I'm Japanese and I live in US now. I can speak English a little.

Today I went to a cafe and I mistook taking someone's drink. (I already purchased, and it was same matcha). A staff realized that and she told me that I took wrong drink. And then she took it back from me.

When she gave it to the customer, I heard the staff said "someone steals yours". Maybe I couldn't catch exactly, but I heard the word "steal".

I know the correct sentence is someone *stole yours. But, I thought the staff was a non-native English speaker (maybe I'm wrong).

If the staff didn't say "steal", Do you have any possible sentence that instead of using steal?

In this case, is this expression suitable? Is that sarcasm? In Japanese, steal is 盗む. It's same meaning the word "rob". I felt she treated me like a robber. I think she could say it in a more polite way. If I were the staff, I would say "Another customer accidentally (mistook) taking your drink". (他のお客さんが、間違えてドリンクを取ってしまいました)

Some people might think you are a just more polite person. But, in Japan, If a staff say "someone steals yours" (誰かがあなたのを盗みました), I think it hurts a customer. (my side) Also rude.

If you are the staff, what will you say?

Maybe my sentence doesn't make sense (I'm beginner of learning English) but If you can understand what I want to ask, please give me comments.

  • Are you sure you heard steals? That seems highly unlikely in the present tense because English doesn’t use the present tense that way. It would perhaps be stole in the past tense.
    – tchrist
    Commented Feb 2, 2018 at 2:37
  • 3
    It's pretty hard to guess what was said or meant. I can imagine the counter person saying "Someone stole your drink" or something along those lines, without intending to imply evil on your part -- "stole", in this case, would just be a bit of casual hyperbole. Note that in the US "stealing a base" is a perfectly legitimate activity in baseball, and the metaphor is used in many other situations.
    – Hot Licks
    Commented Feb 2, 2018 at 2:37
  • Maybe I hard wrong. I thought she looked down on me. And I was depressednd.
    – Moeri
    Commented Feb 2, 2018 at 3:15
  • Just relax. A very small mistake had happened to you. But this is no reason to feel ashamed. Most likely the waitress sees it similar. in a new language it is often very difficult to interpret irony correctly.
    – BerndGit
    Commented Mar 26, 2018 at 14:26

3 Answers 3


If the barista was a non-native speaker, they might have used *“He steal(s) yours” because they didn’t know a better word. But this expression is also used by native speakers.

“He stole your drink” sounds like a joke or exaggeration, probably to put the other customer at ease. In casual speech, some people use “steal” as a joking way of saying “take”, especially when said with a positive/light tone. It doesn’t imply any malice or wrongdoing like “theft” or “robbery”. For example:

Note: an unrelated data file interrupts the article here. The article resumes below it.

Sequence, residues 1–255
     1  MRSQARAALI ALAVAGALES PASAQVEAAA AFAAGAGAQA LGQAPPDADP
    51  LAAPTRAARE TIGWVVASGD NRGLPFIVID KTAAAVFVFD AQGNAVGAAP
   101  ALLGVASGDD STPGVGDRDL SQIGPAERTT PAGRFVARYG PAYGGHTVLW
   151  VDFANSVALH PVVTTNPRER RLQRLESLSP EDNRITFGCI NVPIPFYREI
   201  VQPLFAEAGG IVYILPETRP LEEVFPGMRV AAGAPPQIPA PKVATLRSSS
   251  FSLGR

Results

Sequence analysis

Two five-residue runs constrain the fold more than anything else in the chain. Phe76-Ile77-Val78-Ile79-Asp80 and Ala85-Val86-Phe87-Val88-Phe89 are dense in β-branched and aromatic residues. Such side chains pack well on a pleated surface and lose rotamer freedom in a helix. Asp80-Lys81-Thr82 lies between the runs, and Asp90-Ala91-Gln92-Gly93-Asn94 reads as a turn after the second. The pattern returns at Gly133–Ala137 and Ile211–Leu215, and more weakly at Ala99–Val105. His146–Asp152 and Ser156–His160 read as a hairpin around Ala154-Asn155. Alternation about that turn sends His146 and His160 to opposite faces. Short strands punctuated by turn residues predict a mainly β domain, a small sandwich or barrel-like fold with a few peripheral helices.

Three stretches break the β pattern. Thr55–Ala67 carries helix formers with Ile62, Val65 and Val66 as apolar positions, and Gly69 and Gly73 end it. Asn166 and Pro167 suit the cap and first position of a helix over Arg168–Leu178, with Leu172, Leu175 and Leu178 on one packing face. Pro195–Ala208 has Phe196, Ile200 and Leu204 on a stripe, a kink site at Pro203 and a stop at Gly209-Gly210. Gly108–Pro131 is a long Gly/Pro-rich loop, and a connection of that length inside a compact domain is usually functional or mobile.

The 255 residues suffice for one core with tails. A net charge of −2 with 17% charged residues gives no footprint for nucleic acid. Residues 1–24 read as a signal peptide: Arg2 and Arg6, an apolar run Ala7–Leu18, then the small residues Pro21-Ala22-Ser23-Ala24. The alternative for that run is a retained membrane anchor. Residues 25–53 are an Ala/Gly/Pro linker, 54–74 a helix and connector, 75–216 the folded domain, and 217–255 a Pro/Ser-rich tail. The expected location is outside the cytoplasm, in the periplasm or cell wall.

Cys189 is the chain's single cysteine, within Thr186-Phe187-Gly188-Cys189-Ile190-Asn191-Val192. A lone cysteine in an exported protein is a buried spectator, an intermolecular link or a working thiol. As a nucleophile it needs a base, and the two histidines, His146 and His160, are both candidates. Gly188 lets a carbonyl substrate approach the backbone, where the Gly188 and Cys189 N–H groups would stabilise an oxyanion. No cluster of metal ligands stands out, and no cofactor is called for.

[Alice and Bob are at a restaurant.]

Bob [buying a burger and fries]: “Do you want anything?”

Alice: “Nah. Mind if I just steal some of your fries?”

Bob: “Sure, no problem. I’ll get a large.”

(This is a playful way for Alice to ask Bob if he will share his fries instead of buying two orders.)

In the situation you describe, you could have made a similar joke, like “Oh! Sorry, I accidentally stole yours.” In that case, it would be a mild form of self-deprecating humour.

  • 2
    Thank you Jon. I understand. Now, I realize this is kind of cultural difference. In Japan, we can not talk customer cusual way. So, we don't say joke.
    – Moeri
    Commented Feb 2, 2018 at 3:54
  • If it happen again, I'll try to use that!
    – Moeri
    Commented Feb 2, 2018 at 3:54

It's perfectly idiomatic if what she said was "someone stole yours". As tchrist says, the present tense would not be right here.

The verb "steal" is used all the time jokingly or in a mildly annoyed way to describe situations where someone accidentally walks off with something of yours, especially something of little value. It's also used with things that aren't really possessions, like parking spots.

I'm a native speaker and I would probably joke around with my friends saying that they "stole" something, usually with a tone mocking seriousness so that it's obvious I'm joking. What was the tone like when the staff said it? Given the circumstances, I can only imagine it was a joke.

This same thing can be seen in writing, notably memes:

He (baby) stole my spot (in bed)!

Grumpy cat: you stole my spot

Evil toddler: I just stole a meme. Your meme haha

(Click on any of the above images to be taken to its source.)

Now, all these memes are jokes. The first image probably illustrates how lightly we use "steal" best of all, since the mom whose spot was stolen isn't accusing her newborn of petty larceny, yet still she says that the baby stole her spot.

There are, of course, other ways to say it, but that's another question.


If this was a busy, noisy place, then it's possible that you misheard what was said. This is more likely if the speaker's accent is different to what you are used to hearing, or they are speaking quickly, or their pronunciation is sloppy.

It would be extraordinarily thoughtless and impolite to say that a customer was stealing from someone else in a shop.

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